You've all indicated that if in fact Saddam possess more capability relative to the weapons of mass destruction than we know that he has, and we're not sure what he has, that that presents a serious threat to us.

You've all indicated that it would be better if we had others with us than go it alone, either before, during or after, and so it all comes down, it seems to me, to vastly oversimplify it, is tradeoffs here. If we go alone now we tradeoff the possibility we allegedly -- not allegedly -- we would, depending on -- no one knows the cost -- but we would succeed, we would ostensibly change the regime, we would hopefully be able to destroy the weapons of mass destruction that exist over a period of time in a country, but we may very well radicalize the rest of the world, we may pick up a bill that's $70 billion, $80 billion, we may have to have extensive commitment of U.S. forces for an extended period of time in Iraq.

And if we don't do that, we find ourselves in the position where we increase the possibility he could destabilize the region preemptively himself, he could move and use the weapons of mass destruction as leverage for blackmailing actions in the region and so on. So in weighing the risks and the tradeoffs here, how important is it that -- and to what degree do each of you feel you have to be certain he possesses the weapons of mass destruction that can be effectively delivered, whether it is a chemical weapon, whether it's a biological weapon or whether it's a nuclear weapon. How important in each of your calculus is that question, that he has or is close to having or it's not worth the risk of determining any longer, waiting any longer, whether he has weapons of mass destruction that are deliverable and efficacious? Because you heard the testimony earlier and I know you all are very sophisticated, some, the mere fact you have the ability to produce a chemical weapon and/or a biological agent doesn't mean you can effectively disperse it, doesn't mean it can have the efficacy that it would in our hands, for example.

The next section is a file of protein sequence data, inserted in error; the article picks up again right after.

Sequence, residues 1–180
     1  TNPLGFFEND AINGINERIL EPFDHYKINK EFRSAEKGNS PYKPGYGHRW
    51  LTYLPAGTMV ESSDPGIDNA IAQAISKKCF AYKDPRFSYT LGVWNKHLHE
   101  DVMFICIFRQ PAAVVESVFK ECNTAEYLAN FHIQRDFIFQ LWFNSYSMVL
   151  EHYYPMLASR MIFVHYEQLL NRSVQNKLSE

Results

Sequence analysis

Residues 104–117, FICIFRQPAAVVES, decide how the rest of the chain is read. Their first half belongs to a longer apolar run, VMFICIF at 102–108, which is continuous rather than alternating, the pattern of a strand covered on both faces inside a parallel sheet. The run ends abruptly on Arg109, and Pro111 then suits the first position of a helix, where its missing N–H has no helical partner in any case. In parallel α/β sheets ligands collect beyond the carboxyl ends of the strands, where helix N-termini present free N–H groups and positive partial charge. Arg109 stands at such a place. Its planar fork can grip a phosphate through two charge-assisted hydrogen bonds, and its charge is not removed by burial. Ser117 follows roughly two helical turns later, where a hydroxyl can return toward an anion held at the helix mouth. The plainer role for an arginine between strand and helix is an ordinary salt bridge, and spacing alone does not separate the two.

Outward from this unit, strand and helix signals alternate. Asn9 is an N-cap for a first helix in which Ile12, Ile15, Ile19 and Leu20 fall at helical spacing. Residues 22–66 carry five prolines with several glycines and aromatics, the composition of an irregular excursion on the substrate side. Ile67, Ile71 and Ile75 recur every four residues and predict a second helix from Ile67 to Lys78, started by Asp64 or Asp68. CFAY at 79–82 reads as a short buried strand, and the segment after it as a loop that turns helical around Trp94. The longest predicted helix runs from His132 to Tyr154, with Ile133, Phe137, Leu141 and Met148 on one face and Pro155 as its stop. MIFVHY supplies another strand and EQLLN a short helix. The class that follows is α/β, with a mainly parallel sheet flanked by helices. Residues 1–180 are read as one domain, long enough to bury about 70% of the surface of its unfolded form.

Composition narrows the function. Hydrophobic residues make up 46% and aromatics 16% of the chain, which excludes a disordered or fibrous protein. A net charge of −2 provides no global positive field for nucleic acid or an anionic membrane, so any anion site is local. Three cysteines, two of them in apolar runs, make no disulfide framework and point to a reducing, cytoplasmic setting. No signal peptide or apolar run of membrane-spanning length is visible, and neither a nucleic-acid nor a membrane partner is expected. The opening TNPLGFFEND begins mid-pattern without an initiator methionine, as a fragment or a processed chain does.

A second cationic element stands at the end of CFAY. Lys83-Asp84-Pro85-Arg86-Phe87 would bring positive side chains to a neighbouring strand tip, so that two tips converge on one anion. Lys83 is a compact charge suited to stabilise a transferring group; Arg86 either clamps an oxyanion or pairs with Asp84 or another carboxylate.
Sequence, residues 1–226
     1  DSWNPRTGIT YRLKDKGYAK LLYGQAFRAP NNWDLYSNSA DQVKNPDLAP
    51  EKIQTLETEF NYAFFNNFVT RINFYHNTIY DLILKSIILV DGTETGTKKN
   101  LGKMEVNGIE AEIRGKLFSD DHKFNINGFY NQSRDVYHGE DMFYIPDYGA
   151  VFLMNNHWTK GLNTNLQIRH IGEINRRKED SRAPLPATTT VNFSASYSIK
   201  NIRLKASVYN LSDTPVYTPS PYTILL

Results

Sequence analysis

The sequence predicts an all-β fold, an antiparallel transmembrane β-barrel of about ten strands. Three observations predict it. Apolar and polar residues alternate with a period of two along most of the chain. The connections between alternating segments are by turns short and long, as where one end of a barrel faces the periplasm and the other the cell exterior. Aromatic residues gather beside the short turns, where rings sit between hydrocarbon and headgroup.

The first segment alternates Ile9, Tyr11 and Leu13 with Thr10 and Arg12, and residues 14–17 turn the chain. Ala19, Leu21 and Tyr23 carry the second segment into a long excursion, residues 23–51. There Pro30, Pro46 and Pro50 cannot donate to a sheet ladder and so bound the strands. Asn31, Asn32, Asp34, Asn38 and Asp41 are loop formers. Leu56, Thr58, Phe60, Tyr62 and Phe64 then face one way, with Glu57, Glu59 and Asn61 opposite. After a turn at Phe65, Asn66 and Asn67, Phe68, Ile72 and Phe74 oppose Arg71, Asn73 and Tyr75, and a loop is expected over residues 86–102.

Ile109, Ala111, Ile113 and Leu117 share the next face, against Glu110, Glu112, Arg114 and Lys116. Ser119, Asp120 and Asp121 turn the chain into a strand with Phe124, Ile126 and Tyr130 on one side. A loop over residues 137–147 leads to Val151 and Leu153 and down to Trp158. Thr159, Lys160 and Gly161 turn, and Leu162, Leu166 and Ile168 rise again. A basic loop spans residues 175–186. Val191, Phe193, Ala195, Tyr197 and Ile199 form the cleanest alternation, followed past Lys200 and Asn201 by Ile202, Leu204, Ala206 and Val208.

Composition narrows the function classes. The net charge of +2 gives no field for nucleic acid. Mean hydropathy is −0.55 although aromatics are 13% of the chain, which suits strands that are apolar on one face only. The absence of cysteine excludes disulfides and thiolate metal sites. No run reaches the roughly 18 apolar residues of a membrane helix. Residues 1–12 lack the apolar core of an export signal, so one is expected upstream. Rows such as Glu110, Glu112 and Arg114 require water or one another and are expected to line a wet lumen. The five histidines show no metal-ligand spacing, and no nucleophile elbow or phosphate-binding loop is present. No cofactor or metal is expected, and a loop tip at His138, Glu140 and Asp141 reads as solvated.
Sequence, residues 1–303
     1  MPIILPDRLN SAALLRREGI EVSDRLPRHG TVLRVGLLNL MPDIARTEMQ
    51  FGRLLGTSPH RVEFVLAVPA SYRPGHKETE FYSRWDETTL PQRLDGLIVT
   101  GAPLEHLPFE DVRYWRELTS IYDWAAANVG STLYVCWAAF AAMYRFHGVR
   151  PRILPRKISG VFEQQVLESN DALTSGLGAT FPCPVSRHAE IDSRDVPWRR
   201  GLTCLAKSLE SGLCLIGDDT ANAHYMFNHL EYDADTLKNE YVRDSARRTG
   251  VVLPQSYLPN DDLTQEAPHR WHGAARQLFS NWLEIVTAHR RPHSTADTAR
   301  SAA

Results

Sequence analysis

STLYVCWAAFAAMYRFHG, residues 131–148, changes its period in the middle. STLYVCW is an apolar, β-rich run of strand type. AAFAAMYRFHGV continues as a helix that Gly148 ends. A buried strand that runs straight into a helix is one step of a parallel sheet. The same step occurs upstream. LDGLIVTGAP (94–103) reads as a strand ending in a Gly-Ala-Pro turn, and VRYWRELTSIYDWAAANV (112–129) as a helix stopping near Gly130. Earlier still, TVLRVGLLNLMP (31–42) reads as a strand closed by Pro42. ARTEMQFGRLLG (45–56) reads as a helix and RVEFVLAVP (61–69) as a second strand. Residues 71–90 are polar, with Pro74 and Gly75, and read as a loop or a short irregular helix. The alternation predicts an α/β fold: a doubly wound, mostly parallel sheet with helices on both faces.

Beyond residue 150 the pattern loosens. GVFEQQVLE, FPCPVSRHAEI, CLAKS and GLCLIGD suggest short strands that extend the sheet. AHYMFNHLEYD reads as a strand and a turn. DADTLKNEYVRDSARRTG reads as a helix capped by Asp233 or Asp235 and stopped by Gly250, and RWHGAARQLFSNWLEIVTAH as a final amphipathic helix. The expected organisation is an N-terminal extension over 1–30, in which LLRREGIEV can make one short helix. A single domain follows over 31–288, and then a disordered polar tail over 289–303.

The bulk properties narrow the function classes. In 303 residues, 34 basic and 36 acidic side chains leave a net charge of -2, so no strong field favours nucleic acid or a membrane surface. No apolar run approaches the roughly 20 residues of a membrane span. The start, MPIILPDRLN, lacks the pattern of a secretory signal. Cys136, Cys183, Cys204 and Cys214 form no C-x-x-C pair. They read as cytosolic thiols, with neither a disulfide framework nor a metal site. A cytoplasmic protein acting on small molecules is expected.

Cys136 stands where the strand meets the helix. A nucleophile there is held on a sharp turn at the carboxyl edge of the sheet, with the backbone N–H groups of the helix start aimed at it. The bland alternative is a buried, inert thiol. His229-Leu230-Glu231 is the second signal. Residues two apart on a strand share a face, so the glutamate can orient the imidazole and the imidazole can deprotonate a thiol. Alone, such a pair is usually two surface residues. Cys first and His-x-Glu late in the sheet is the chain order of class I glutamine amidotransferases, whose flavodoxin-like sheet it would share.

So how much of your calculus is dependent upon his -- your sense of his capacity to possess and deliver these weapons?

General?

MR. HOAR: Mr. Chairman, during the Gulf War, we believed that he had the capability to deliver chemical weapons against us. And in fact, in the run up, General Al Gray and I went down to Quantico one Saturday to look at a simulation that had been done regarding the two Marine divisions that were going to be in the attack into Kuwait, and there were some estimates of casualties that ran in the order of magnitude of 10,000 if artillery rounds with chemical weapons were used. So the issue is, are these strategic weapons or are they tactical weapons? Could they be used on troops in relatively short distances of, say, 30 kilometers or are we talking the cities of Israel and the major cities in the Arabian area? I think there's a big distinction there.

I would also say that while in my mind it will be always be murky, the degree to which the regime has acquired these kinds of weapons, particularly at the strategic level, that thus far we haven't seen him use this. The current regime has boxed him in. I think the possibility of him using it goes up considerably if, in fact, the regime is about to fall. And I think certainly that's a grave risk to take in the event of an invasion.